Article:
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Research Tutorial—Part 5

Finding and Evaluating Websites

We all find and use websites dozens of times each day. But finding a good, reliable website that is relevant to your research topic can be a little trickier. This part of the tutorial will give you some suggestions of how to find such websites, and (more importantly) teach you how to critically evaluate the websites you do find for research.


In this section:  

Finding Websites

The simplest way to find websites is to use a search engine, such as Google.

Google can be a great place to start your research. If you're trying to get your head around your topic, Google is the place for you. It is also a good place to end your research—say you're trying to find this one last statistic to boost your argument, or you're curious if anyone has approached your topic from such-and-such a direction. Google is great for filling in the gaps.

However, when you deal with Google results, you're also faced with something like this:

Close up screenshot of top corner of Google results page with search “college AND sports”. Number of results “About 629,000,000” is circled.

Depending on the key terms you use, you will typically get millions (or even billions) of results from a Google search. That is WAY too many web pages for anyone to go through. There might be good, accurate information out there, but unless it happens to show up on the first page or two of results, you probably won't find it this way.

So what to do?

  • Use more specific key terms.
Close up screenshot of top corner of Google results page with search “NCAA division 2 hockey injuries”. Number of results “About 2,870,000” is circled.

  • Find a web site about your topic, and see if they have an "additional resources" or "other web sites" page—something that will lead you to more resources.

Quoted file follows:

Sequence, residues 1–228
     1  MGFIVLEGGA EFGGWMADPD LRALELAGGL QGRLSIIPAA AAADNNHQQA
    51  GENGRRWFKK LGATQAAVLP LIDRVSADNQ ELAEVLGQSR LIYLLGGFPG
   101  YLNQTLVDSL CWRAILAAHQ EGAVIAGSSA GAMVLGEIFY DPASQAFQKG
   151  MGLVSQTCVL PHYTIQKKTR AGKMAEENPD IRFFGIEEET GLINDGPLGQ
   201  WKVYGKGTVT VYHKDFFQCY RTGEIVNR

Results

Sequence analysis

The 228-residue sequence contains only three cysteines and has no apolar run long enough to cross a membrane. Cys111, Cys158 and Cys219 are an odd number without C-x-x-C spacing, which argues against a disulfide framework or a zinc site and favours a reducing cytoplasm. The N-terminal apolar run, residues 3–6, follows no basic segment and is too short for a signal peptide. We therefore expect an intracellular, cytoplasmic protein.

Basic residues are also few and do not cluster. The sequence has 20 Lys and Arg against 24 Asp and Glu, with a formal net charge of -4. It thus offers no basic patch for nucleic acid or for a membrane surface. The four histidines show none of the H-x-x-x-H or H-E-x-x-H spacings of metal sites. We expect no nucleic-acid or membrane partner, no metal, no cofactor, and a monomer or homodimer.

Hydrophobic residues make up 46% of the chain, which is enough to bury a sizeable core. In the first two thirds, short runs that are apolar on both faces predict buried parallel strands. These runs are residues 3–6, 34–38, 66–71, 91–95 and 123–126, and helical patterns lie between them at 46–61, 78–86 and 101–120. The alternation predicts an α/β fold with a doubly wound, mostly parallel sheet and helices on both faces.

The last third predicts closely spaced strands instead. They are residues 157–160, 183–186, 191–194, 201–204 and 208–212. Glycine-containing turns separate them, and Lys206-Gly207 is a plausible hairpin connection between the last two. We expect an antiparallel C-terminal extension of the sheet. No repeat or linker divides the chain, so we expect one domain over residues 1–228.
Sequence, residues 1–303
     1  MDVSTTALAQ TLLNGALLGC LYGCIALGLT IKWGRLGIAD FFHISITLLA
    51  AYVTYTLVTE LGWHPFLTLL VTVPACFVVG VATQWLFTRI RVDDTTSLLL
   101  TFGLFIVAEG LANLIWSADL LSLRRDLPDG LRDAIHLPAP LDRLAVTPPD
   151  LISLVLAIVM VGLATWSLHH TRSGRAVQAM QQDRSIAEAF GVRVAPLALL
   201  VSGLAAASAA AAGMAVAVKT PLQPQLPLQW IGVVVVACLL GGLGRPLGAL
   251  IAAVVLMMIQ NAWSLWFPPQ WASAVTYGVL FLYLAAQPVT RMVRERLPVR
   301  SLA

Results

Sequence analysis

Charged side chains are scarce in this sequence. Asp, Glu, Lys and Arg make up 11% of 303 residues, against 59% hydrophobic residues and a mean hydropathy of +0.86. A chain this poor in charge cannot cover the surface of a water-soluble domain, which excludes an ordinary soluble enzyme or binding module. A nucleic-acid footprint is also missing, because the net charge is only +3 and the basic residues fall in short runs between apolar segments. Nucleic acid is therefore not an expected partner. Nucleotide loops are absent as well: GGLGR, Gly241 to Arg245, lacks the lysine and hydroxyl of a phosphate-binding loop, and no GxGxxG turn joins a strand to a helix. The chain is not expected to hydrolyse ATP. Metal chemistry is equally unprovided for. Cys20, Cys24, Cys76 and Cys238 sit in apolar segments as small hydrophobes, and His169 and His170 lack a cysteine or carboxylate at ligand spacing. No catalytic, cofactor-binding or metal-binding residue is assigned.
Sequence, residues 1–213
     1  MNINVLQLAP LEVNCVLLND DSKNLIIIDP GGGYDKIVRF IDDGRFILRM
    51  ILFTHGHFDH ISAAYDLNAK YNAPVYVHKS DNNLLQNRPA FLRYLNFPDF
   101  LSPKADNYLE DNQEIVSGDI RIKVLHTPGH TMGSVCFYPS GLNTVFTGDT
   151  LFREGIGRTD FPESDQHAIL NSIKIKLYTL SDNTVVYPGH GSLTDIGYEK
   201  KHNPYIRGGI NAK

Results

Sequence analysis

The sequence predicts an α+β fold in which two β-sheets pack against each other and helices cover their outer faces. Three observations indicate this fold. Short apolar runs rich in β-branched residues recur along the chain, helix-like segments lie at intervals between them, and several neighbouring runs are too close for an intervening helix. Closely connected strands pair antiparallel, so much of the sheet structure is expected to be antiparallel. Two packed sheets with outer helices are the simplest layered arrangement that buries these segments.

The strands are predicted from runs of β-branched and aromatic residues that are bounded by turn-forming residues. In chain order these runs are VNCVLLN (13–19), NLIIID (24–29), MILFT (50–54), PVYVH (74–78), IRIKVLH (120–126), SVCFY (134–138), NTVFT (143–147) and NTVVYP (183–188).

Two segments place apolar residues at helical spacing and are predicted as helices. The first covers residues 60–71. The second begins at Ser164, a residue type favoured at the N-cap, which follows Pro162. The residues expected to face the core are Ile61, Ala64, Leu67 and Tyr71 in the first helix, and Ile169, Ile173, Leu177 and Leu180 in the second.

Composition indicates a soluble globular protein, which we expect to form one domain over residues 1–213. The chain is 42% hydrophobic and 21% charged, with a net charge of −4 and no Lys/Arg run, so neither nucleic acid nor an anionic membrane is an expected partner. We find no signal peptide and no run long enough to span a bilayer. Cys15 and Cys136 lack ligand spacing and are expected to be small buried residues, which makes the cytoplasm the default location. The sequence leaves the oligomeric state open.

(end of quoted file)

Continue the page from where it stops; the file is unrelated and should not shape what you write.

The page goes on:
Screenshot of NCAA.org. “News Media Center” is circled.

In this example, the News Media Center section may provide additional resources. Youmay have to search around the website to find what you're looking for.

Evaluating Websites

Once you have a found a website that you think looks promising, it is very important that you look at it critically to determine what kind of information it holds, how reliable it might be, and whether or not it is appropriate for your research.

So how do you do that?

By asking a bunch of questions of the website, and poking and prodding at it until you get answers. No, really. Don't believe it? Watch.

Let's say you found this article from the New York Times: An Inadequate Response to Concussions: N..A.A. Guidelines on Head Injuries Fall Short.

Screenshot of New York Times article titled: An Inadequate Response to Concussions.

So we click on that link, and it brings us to the article. Then we start poking at it by asking questions.

  • Whose website is it? That you can usually start to figure out by looking in a few places: the URL (the website address), and the headers of the website are a good place to start. If you're still not sure, look for an "About" page for the website.
    .
Close up screenshot of New Times Article with beginning part of URL that says “nytimes” highlighted and the header that says “The New York Times”.


So now we know that this article was written for the New York Times. If you don't recognize the name associated with your web site, take a short detour and do a little research on them (hint: the "About" section will probably help with this)! It's important to know, because it helps you determine credibility.

But in this case, we do know that the New York Times is a worldwide newspaper based in New York City, and is generally considered a trustworthy source of news.